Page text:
“My ballet story is convoluted, as many are. I began my journey at four and loved everything about it. I danced everywhere and was filled with the ineffable joy that ballet both allows and creates. I was in advanced classes very early and on pointe much younger than recommended (at that time). My goal was to major in dance, join a company, and live the thing I loved so much.
As I sunk into puberty, my shape and size began to change, which was frowned upon and shamed by my instructors. One, my favorite, told me to forget partnering because they’d be unable to lift my fat ass. Thus began too many years of disordered everything to make me look worthy of the title ballerina.
When I was 16, that same teacher asked me to step into a “different kind of relationship” with him, and, in that moment, parts I didn’t know I had, shattered. I convinced myself I had no talent and that the attention I’d been paid and praise I’d been given all those years had only been for a wider grooming for the relationship he mentioned.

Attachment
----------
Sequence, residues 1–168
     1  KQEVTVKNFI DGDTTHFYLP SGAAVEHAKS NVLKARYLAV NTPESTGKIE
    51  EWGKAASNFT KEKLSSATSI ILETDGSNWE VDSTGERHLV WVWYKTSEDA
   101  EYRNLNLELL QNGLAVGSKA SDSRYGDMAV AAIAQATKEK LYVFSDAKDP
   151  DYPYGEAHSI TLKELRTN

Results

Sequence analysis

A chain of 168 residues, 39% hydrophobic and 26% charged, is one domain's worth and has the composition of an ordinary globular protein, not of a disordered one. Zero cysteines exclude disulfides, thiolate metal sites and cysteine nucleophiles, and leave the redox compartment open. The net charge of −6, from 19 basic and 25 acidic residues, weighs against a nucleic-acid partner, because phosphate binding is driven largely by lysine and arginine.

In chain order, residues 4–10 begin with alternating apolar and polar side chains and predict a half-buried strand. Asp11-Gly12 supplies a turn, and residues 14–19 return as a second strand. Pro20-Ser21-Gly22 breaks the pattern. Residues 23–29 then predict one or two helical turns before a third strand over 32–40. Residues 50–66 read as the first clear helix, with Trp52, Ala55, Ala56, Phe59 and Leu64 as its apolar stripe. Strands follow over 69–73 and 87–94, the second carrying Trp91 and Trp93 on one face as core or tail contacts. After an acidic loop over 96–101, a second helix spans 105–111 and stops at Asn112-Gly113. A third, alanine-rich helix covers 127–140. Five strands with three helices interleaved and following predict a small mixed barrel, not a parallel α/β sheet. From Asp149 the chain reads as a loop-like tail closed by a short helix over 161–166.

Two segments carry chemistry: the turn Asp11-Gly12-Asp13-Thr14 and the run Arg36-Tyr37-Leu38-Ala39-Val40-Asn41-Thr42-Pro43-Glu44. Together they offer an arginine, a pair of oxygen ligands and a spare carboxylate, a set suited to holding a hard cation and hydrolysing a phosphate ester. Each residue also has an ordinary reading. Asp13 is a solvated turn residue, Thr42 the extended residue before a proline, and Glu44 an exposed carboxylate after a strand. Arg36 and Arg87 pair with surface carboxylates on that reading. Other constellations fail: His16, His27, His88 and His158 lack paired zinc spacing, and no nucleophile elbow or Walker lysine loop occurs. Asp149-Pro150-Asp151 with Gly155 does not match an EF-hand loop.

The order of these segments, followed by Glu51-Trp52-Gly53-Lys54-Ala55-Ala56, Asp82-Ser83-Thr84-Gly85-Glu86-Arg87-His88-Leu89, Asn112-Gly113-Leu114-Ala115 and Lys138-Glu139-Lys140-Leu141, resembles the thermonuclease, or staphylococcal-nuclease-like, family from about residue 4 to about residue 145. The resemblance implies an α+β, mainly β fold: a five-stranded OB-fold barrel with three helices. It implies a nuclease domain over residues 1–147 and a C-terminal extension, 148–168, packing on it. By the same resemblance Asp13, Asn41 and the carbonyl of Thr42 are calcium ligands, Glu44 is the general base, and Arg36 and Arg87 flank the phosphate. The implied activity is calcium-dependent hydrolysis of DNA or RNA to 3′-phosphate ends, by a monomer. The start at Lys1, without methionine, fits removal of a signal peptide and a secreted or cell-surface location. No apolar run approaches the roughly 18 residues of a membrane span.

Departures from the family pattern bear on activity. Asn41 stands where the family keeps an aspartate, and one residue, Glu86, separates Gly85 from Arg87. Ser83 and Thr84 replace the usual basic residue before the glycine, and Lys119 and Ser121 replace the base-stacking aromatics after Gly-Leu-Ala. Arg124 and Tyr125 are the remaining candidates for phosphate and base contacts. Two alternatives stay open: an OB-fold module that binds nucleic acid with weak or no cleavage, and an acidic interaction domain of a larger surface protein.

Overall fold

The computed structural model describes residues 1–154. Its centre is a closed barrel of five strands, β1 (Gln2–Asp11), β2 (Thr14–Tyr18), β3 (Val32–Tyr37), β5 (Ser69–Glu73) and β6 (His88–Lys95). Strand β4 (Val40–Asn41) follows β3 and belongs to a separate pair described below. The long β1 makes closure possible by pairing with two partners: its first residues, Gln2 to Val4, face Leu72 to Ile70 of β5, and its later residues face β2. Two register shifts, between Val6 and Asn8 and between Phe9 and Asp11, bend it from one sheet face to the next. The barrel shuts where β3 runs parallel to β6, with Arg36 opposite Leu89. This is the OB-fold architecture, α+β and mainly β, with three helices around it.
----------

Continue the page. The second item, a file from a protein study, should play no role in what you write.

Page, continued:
So, with body broken and heart handily amputated, I quit. I still captained my high school dance team and found scattered joy in those moments, but when I graduated, I stepped past my dance history and convinced myself I wouldn’t look back (though I have and always will).”